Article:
Comedian, TV Star & Local Legend Greg Proops

Updated: Mar 11, 2015 12:45
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A killer on Who’s Line is it Anyway, a voice actor on everything from The Nightmare before Christmas to Stripperella.  His glasses, tailored suit, and pompadour have been all over your television set since the 1980’s.  When he wasn’t doing Ugly Betty or Flight of the Concords, Greg was making people think and laugh liberally as a stand-up and podcaster.  Versatile and thoughtful, he’ll quote a Greek philosopher in one breath and sing a 1970’s punk ballad in the next.  He grew up in San Carlos, cut his comedy teeth at San Francisco State, and became a star in Los Angeles.  He is a walking historian of SF Comedy and nightlife; the bold, cocky, hilarious, local legend Greg Proops:
We here at like to show love to the people who make cities like San Francisco and New York special. The Local Legend series is our chance to hip you to some of the strange, brilliant, and unique folks who populate these towns and give them the character that people from around the world have come to love.

You grew up in the Bay Area (San Carlos)- what was the bay like in the 1970’s and 80’s?

 Groovy.We used to drive up to San Francisco and over the Bay to see bands and dig the mad culture. My gay friends moved to SF before me and it was a wild scene of art and music and drugs. I saw the Clash at the Temple Beautiful on Geary and Bo Diddley at the Hall in Burlingame. The People’s Temple and the assassination of Milk and Moscone was a terrible trauma. The atmosphere was permissive and there was a feeling everyone was in- women, gay, blacks,Latinos, Asians, Indians. Then Reagan stole the election and the poor were demonized. The up side was everything wasn’t completely corporatized and over valued so you could live within SF for a reasonable rent. My objection to now is every city is simply a playground for rich people. Gentrification never improves culture.

Any “very SF” stories about your days performing in small clubs here?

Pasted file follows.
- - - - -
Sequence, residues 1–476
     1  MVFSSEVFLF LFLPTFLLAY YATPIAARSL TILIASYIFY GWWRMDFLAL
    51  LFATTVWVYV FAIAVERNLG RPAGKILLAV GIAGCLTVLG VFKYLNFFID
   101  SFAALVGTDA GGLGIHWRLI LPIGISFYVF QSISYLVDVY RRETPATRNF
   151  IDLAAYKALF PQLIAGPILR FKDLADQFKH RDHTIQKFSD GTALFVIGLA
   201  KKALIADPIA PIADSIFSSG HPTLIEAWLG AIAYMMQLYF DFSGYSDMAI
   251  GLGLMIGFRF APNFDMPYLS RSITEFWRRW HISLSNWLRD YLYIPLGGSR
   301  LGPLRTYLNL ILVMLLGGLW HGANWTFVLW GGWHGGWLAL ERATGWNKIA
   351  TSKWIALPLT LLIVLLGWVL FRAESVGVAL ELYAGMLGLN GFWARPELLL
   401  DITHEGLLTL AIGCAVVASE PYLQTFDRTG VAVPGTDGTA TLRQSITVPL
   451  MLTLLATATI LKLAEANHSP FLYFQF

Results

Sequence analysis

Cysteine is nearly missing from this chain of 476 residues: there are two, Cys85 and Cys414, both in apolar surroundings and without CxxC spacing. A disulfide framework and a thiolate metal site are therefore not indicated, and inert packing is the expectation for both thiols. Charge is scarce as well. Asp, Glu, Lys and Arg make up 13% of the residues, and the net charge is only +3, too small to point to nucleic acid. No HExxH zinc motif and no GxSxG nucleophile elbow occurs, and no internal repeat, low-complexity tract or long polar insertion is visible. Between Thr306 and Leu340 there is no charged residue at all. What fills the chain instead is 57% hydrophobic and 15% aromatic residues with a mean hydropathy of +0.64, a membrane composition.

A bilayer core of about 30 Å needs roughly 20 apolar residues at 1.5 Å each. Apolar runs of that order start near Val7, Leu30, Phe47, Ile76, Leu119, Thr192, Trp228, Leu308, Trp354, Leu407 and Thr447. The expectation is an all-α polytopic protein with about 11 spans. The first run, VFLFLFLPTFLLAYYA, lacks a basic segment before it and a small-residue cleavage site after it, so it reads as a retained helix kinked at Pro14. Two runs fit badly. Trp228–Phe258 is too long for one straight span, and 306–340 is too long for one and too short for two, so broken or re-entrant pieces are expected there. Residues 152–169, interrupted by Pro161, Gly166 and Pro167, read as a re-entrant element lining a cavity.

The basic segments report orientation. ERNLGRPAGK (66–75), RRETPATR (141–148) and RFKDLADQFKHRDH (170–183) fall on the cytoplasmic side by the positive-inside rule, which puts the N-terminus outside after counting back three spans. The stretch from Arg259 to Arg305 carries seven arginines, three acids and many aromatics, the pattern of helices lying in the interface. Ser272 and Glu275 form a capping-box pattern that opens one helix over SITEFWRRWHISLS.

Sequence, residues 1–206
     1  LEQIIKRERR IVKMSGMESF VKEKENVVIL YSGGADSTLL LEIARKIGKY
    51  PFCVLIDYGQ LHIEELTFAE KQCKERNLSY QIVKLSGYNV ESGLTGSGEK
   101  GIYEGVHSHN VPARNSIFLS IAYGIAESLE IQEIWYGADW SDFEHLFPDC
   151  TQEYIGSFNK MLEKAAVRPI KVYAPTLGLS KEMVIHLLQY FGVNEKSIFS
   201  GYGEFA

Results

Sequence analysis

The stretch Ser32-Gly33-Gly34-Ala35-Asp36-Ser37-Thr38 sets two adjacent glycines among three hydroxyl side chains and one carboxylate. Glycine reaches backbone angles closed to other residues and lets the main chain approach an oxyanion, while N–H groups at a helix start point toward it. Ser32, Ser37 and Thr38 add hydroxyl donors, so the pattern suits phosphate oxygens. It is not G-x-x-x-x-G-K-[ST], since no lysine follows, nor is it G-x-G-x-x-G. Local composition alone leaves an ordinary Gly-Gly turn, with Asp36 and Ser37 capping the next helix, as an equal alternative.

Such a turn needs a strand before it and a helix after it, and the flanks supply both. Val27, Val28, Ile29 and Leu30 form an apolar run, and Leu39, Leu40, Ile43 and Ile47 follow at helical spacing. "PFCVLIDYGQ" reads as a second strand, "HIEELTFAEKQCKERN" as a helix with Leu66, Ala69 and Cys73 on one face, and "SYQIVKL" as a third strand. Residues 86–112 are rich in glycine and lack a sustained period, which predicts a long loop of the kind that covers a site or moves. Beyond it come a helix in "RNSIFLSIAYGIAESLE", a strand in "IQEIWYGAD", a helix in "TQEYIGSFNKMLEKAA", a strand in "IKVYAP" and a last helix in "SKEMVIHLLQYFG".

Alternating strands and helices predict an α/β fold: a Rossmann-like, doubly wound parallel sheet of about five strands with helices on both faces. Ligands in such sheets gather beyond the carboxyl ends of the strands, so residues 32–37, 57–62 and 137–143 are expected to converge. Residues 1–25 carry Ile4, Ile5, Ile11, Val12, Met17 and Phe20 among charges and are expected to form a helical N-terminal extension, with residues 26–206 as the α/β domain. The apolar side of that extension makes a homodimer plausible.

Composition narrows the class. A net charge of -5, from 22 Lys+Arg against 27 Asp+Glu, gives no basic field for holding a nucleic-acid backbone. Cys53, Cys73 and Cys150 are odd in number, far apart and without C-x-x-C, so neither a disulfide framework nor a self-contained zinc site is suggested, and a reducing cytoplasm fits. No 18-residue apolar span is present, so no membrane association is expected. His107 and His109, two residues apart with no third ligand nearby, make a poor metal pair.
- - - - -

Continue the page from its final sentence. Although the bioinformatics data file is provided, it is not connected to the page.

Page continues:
Oy. Loads, baby. The Holy City Zoo was the smallest dank closet ever. Bob Rubin was bartender there. I did NY Eve 1988 there with Jeremy Kramer and Henriette Mantel and we made Jeremy close because we were too afraid. I was in a team with my partner Forrest Brakeman and we took out a bag of props and Jim Samuels who was the headliner turned and said, “Ah, props the death of wit.” There was a club in Colma so help me called Molloy’s and the Sunshine Saloon in Pleasanton where it was free and the crowd got mad if they shut down the pool table. My line was they serve beer in buckets because it requires an opposable thumb to hold a glass or bottle.
 The Holy City Zoo comedy club SF, 1983.  Photo credit Adam Chin

What was it like running around the city as a teenager back then?

Awesome and dangerous. We were often high in groups at concerts or taking acid watching planes take off at SFO. The City had many seamy, scary parts and lots of back room clubs and dance halls. We would go out dancing in the 80’s with undone suspenders and loads of jewelry, wearing a used tux coat. Thank god I was thin  and sexy.

Did you ever get in trouble?

Only by being a douche. I have one rule. Never go to jail. I was mugged but I was drunk and singing so…

What was the comedy scene like when you started, what’s it like now?

Then there were 10 full time clubs within an hour of the city. we did open mikes every weeknight. At one point there were four full-time clubs in SF. Busy as hell. Jake Johansen, Milt Abel, Warren Thomas, Sue Murhy, Paula Pounstone, Bobby Slayton, Jeremy Kramer,Tom Rhodes, Dana Gould, Tom Kenny, Bobcat, Robin, Will and Debi Durst- shit was on fire. Now I think it is great so many little rooms, comics like Joe Klocek are holding it down.

Favorite Comedians right now?

TJ Miller, Jen Kirkman, I just saw Aparna Nancherla and she was tremendous. I love Jackie Kashian and Alsion Rosen on the podcast end. Matt Gourley and Supergo is worth listening to.